Smell is an essential part of life – our least-developed of our five senses, but one with a unique power.
Like music and art, fragrances speak a universal language - and one with the potential to stimulate the emotions and trigger memories.
They have the power to attract, to comfort, to excite.
They can alleviate stress, signify cleanliness and freshness, and attract, entice and charm.
They communicate beyond borders of nationality, language and culture.
The fragrance industry employs artists and innovators with rare skills. There are only around one thousand fully-qualified perfumers in the world.
These perfumers – known as ‘noses’ – train for more than seven years and have unique abilities to identify and combine ingredients.
As with music, fragrances are combinations of ‘notes’, with near-infinite possibilities; as with composers, it takes uncommon talent to combine these notes in a way that connects powerfully with the senses.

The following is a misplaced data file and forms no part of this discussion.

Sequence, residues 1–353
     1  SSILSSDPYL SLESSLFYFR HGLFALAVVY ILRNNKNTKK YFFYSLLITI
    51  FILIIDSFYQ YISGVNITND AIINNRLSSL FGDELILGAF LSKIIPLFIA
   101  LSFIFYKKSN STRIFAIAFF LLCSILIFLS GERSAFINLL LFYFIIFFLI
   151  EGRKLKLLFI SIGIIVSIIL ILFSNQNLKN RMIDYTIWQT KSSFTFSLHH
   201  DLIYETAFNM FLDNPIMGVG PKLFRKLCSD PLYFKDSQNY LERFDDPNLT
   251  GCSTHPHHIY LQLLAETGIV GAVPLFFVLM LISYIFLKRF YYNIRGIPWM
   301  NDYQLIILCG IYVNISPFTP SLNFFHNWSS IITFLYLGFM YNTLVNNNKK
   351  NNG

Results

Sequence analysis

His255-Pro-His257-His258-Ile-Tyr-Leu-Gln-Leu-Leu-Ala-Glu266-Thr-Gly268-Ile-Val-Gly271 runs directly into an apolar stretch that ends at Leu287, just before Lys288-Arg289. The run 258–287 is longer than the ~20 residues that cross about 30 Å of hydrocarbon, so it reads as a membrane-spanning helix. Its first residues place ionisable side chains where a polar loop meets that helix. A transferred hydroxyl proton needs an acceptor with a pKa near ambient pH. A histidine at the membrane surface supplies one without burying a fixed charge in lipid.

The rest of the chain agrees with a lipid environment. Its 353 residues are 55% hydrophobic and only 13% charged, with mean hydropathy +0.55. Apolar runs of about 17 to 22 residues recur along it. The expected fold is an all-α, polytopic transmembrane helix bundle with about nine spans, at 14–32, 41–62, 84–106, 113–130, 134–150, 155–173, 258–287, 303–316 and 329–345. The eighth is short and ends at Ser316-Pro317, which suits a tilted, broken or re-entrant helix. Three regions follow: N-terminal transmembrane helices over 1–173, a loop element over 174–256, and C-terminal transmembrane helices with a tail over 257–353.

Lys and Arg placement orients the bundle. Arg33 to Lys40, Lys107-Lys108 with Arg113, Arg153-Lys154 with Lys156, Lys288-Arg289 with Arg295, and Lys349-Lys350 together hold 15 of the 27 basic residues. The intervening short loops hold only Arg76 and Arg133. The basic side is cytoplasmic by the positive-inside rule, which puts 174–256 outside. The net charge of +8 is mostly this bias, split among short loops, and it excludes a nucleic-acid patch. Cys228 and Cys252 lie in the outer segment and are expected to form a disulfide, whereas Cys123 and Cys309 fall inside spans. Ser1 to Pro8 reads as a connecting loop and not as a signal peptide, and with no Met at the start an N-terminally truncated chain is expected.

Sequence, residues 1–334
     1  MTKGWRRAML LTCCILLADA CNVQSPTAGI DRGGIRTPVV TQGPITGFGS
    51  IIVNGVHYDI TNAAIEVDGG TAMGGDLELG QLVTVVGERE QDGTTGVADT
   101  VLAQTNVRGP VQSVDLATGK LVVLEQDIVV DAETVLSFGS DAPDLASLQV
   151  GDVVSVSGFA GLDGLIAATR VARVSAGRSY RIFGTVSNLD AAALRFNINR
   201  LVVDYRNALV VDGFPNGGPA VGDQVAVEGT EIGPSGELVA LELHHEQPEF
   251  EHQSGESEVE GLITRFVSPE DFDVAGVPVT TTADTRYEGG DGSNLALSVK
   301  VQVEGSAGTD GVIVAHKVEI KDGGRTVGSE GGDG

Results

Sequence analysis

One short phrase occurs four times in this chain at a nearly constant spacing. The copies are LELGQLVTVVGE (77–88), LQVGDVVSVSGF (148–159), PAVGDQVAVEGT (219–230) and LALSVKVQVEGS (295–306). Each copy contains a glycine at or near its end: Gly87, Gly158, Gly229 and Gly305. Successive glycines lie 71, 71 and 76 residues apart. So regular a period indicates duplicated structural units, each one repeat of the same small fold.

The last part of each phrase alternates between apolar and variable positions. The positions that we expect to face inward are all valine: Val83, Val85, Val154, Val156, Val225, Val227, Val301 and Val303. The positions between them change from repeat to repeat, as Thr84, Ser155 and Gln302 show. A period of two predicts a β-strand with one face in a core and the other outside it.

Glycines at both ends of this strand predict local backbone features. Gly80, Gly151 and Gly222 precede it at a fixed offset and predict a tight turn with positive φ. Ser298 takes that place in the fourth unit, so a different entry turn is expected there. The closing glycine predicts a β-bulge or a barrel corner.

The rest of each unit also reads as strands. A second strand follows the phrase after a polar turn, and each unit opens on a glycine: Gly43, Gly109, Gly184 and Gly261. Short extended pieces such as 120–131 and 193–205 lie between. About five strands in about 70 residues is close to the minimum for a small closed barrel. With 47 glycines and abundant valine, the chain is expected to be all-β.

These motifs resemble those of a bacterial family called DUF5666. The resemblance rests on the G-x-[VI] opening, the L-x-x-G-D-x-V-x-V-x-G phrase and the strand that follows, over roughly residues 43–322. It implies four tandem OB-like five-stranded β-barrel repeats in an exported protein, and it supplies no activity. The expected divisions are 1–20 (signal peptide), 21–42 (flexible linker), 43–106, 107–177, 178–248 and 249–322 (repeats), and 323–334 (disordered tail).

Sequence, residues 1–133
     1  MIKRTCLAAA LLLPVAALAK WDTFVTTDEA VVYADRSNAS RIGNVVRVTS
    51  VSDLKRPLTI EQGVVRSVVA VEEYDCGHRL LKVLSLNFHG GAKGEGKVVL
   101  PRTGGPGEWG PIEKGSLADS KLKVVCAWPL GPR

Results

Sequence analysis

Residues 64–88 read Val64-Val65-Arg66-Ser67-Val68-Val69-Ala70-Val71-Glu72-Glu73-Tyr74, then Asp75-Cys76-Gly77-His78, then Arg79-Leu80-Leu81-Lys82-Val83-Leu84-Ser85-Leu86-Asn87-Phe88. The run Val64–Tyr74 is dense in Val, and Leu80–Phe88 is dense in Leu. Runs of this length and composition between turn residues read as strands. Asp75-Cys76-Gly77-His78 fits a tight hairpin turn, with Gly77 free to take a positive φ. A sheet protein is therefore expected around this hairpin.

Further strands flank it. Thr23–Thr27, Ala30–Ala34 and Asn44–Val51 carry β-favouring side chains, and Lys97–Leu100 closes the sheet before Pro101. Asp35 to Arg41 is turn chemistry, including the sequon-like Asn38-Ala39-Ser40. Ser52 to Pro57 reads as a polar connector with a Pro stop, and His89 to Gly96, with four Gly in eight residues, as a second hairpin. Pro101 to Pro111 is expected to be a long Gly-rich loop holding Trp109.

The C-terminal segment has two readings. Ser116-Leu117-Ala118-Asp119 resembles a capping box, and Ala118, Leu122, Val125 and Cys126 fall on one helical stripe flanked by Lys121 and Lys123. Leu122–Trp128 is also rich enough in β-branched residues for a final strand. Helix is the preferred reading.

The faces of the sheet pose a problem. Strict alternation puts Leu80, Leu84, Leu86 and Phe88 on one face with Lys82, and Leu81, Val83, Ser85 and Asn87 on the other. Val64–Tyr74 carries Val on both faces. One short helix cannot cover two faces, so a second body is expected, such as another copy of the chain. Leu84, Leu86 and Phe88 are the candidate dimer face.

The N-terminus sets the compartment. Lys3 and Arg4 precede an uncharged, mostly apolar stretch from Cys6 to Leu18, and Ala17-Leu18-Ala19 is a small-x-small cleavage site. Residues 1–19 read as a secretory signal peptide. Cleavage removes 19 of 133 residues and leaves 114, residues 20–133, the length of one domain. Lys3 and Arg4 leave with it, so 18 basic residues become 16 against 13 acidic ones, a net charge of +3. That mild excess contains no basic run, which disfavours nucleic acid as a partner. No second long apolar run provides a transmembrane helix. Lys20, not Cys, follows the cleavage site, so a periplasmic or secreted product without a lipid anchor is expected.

Beyond artistry, fragrances are also ‘problem-solvers’.
On a functional level, the complex properties of fragrances allow people to control or remove the bad smells that afflict the everyday lives of millions. Control of these smells, using fragrances embedded in household and personal care products, improves the physical quality of people’s lives.
The process of fragrance creation is based on a unique process of partnership between fragrance manufacturers – represented globally by IFRA and its network of National Association – and owners of consumer goods, luxury, and retail brands.
Together, they combine their insights into markets and brands, their knowledge of science and ingredient functionality, and their creativity and innovation to develop the right fragrance.
And in a world of automation and change, the fragrance industry is increasingly complementing unique human knowledge and skills with artificial intelligence.